When the dust settles on the past decade, it will likely be remembered for extreme weather, volatile prices and uncertainty over Brexit.
Commodity prices have been up and down and farmers have had to cope with hugely challenging periods of wet weather, followed by drought.
The political paralysis over Brexit has also dented farmers’ confidence to invest in their businesses.
Depending on whether you’re a glass half full or half empty person, you will likely be feeling battle weary or battle hardened by the challenges of the teens (2010-2019), the decade that’s about to end.
It would be delusional, however, to conclude that the “pre-teens” did not have their challenges.
At the beginning of the noughties (00s), farmers had to cope with a foot-and-mouth crisis (2001), and the summers of 2007 and 2008 were incredibly wet. But thereafter, the decade was a pretty good time for farming.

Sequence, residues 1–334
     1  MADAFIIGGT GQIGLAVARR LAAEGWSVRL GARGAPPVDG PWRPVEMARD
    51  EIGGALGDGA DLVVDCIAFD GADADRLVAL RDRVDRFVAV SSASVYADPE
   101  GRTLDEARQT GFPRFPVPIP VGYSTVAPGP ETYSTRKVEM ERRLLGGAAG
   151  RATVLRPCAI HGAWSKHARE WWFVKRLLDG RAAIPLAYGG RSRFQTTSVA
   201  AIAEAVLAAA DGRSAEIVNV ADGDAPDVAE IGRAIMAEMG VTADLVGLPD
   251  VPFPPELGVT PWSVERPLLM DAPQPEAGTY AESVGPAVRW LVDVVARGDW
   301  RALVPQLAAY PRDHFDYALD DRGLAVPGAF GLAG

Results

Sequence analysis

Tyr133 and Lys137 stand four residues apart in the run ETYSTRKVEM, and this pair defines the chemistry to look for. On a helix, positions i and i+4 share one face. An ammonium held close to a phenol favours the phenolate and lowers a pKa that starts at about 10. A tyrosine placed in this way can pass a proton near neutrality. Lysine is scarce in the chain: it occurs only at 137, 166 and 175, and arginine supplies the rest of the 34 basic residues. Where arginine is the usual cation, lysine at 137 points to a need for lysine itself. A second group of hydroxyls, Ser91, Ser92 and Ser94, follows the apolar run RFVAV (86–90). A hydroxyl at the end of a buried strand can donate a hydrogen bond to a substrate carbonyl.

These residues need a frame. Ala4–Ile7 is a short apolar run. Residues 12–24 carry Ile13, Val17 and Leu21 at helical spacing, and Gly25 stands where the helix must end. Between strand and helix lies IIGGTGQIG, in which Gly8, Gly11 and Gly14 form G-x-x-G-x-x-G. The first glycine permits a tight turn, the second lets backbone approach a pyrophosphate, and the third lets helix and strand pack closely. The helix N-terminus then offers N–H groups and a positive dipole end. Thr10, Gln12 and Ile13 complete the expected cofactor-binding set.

The nineties were also a reasonably good time for agriculture, although the bovine spongiform encephalopathy (BSE) crisis caused havoc as domestic sales of beef fell by 40%. The outbreak cost the UK economy between £740m and £980m.
Speaking from his farm in St Osyth, Essex, NFU deputy president Guy Smith said: “This decade [teens] came in with challenging weather and it will be going out with challenging weather.
“I have not seen it as wet as this for years. There is water everywhere. It doesn’t bode well for the beginning of next year.”
The next decade (2020 to 2030) will see more political turmoil as the UK leaves the European Union, transformative changes in agri-tech and a post-CAP era in which farmers will have to become less reliant on support.